I think the link is https://www.res.org.uk/resources-page/universities-superannuation-fund-is-accumulating-surplus-assets.html
Many thanks for writing this, Con, and publishing it, Henry. Inspired by this blog, I recorded an updated version of a presentation I did in 2017 comparing discount rates used in USS valuations from 2008 onwards with returns achieved. Superficial analysis, maybe, but I think it’s an important part of a sanity-check. https://www.youtube.com/watch?v=NnKU_7-ufL8
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I do agree with you Con – the current USS return assumptions and the drive to ‘de-risking’ are misguided and dangerous. Clearly, there are risks that need to be addressed but these operate partly at public policy level. For example, the last man standing rules are going to risk the strongest univserities seeking to leave, before they end up carrying the Section 75 liabilities for institutions which close. Secondly, SEction 75 itself and indeed Section 179 are in urgent need of reform, because the costs of annuitisation in the teeth of ongoing QE has become unreasonably expensive for sponsors – and will result in a damaging misallocation of resources. USS should be investing in assets that can build long-term growth directly, rather than competing with central banks for supposedly ‘safe’ bonds. Yes, there are real risks to this scheme, but in my view the biggest of these risks is reckless caution which removes the upside potential that is needed to parvent DB schemes in the UK being unaffordable. The current situation with USS seems to be rather a ‘doom loop’ that benefits none of the parties in the long run. I realise the scheme is not targetting buyout, but the idea that a reasonable return assumption is based on gilts + 0.0 or gilts + 0.5%, or anything even close to this, is a recipe for failure.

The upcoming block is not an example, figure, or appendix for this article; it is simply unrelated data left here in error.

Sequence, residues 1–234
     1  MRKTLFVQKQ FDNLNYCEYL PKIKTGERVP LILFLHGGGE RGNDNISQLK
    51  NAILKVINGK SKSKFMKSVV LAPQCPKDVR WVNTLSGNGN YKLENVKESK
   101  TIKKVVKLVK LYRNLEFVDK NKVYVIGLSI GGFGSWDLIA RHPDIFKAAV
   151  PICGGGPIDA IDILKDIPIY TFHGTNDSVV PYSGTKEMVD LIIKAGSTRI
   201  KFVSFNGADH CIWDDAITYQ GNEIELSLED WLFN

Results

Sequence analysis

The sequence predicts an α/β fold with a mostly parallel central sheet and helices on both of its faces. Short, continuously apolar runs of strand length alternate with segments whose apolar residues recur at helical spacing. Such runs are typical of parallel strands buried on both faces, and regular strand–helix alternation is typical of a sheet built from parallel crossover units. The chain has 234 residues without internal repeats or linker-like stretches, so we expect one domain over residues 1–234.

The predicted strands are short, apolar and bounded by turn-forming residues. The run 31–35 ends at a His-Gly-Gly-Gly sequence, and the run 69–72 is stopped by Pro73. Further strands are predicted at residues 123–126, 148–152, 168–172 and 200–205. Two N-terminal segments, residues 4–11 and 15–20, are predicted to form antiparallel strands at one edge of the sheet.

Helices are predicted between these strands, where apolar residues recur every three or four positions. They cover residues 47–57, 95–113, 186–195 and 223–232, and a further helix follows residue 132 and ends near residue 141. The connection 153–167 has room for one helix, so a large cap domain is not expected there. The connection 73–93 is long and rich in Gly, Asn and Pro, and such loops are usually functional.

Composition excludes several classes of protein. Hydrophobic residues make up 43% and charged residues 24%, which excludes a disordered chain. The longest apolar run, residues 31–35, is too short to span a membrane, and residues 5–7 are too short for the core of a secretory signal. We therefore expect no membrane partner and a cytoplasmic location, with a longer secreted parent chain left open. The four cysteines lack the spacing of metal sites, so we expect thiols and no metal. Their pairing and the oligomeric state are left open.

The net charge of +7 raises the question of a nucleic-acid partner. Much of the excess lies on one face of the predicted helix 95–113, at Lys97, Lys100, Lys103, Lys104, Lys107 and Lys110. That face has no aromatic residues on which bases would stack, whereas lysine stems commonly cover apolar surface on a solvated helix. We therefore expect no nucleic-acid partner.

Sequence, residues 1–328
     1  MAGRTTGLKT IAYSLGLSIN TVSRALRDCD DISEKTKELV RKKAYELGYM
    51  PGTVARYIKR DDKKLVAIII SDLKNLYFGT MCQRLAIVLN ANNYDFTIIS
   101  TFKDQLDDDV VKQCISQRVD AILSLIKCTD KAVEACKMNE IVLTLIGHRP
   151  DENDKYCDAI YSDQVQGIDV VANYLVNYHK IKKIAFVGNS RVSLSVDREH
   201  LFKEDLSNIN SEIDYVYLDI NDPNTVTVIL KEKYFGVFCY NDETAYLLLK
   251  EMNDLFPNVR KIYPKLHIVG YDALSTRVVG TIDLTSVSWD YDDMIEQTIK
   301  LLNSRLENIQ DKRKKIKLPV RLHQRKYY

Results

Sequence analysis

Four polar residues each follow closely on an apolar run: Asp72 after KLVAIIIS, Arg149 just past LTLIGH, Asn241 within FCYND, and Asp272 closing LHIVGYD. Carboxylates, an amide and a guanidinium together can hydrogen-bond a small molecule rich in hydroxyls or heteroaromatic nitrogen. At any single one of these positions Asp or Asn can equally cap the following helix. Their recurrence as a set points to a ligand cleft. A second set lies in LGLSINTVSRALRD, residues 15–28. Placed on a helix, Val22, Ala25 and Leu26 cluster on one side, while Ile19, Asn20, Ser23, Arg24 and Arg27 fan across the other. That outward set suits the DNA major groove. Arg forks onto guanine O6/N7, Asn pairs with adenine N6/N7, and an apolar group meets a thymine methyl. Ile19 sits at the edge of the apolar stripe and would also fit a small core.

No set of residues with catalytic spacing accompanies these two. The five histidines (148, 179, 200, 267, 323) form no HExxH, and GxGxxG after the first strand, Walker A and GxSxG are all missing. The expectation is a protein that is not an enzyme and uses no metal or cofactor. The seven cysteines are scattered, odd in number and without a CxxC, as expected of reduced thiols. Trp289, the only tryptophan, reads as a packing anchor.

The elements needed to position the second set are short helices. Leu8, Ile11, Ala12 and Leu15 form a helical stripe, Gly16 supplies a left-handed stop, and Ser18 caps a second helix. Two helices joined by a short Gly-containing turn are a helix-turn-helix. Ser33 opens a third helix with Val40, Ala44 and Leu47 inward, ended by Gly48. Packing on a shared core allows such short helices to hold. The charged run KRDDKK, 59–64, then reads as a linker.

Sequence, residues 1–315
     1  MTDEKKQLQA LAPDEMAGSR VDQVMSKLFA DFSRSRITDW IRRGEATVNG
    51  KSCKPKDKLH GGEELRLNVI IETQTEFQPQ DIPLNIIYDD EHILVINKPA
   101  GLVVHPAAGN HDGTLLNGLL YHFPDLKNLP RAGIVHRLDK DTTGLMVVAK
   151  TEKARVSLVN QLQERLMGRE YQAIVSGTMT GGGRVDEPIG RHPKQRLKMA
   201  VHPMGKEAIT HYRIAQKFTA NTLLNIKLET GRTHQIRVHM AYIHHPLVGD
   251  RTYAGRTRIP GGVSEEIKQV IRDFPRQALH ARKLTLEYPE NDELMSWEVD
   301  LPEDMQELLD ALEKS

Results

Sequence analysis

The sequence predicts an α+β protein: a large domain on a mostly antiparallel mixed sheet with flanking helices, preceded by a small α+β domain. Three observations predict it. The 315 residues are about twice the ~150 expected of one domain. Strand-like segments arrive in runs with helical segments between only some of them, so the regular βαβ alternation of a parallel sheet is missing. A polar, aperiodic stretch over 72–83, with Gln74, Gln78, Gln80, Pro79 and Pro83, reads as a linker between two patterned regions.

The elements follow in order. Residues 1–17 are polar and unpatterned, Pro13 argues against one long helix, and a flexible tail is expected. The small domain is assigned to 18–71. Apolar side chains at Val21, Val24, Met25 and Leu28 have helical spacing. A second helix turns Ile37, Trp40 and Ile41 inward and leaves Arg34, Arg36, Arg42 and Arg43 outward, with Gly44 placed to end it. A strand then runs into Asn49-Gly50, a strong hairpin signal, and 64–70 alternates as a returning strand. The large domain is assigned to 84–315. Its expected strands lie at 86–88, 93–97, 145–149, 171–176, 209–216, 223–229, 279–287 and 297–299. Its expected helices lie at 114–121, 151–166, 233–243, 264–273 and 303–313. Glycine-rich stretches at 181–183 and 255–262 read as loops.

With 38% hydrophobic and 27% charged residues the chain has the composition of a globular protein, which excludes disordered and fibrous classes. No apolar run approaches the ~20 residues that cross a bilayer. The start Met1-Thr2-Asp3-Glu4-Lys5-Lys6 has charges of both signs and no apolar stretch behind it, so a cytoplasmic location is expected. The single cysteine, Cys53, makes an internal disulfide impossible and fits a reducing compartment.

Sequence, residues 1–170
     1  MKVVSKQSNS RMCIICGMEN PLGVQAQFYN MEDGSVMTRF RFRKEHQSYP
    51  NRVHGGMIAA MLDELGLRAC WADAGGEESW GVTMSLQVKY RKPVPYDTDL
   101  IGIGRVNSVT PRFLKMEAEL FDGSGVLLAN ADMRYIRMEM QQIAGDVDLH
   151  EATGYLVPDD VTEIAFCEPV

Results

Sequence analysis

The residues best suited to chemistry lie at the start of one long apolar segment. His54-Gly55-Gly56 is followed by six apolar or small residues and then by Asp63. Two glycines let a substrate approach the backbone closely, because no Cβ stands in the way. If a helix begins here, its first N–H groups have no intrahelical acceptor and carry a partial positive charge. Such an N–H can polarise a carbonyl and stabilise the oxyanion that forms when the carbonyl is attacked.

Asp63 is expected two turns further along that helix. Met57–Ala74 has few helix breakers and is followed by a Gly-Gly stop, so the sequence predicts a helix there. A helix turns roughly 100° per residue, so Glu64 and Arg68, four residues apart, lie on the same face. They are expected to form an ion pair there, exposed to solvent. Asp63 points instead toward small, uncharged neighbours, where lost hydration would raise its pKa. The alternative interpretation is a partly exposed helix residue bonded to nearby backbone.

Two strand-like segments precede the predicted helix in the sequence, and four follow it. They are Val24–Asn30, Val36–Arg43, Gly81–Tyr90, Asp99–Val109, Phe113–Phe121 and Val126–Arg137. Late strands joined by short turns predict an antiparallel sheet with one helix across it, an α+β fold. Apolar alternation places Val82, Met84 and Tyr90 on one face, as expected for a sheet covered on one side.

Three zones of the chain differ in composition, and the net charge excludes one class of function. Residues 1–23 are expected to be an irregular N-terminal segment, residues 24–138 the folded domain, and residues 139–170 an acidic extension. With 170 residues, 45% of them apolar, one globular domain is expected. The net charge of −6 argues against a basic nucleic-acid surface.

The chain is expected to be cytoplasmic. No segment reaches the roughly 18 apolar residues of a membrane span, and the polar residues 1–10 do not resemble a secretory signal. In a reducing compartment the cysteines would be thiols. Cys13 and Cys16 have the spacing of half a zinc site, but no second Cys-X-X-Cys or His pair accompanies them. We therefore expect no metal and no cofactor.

That said, I don’t believe that contributions can be cut and the assessment of required contributions is still needed, to ensure protection against a crash in all financial assets that is clearly possible if the QE bubble bursts. A dose of high inflation could well ensue, but again gilts will hardly be a protection and index linked gilts already yield around negative 1.5% or worse.
So let’s hope there will be some new thinking coming along. We should use USS assets to help green growth, infrastructure, social housing and other investments that can generate a recovering economy, rather than guaranteeing reduced returns with over-cautious investment.
This does need to run alongside a re-evaluation of Section 75 as well and the protection of some of the largest universities so they don’t feel they must look to leave the scheme.
Thanks Ros, a blog in itself from which I took one particularly acute observation
“USS should be investing in assets that can build long-term growth directly, rather than competing with central banks for supposedly ‘safe’ bonds”
Ros Thank you for those comments.
We certainly agree that S75 needs to be altered – I have called for that on a number of occasions. But that is not at issue in the primary point of the USS blog.
I am not suggesting that contributions should be cut and by similar token I am not suggesting benefits should be reduced. I am simply saying that the USS that I look at is perfectly viable with the existing benefit structure and contributions of 26% (18 + 8)
On inflation – I am firmly in the Goodhart camp and see inflationary pressures ahead – in large part because of the demographic pressures. However, that view did not enter the analysis here. I have looked at USS’s inflation expectations in 2017 and obviously the 2020 – and they imply a lowering of future inflation expectations between the two valuations. However that passes without comment from USS.
Yes Con. I agree and am concerned that USS is wasting huge precious resources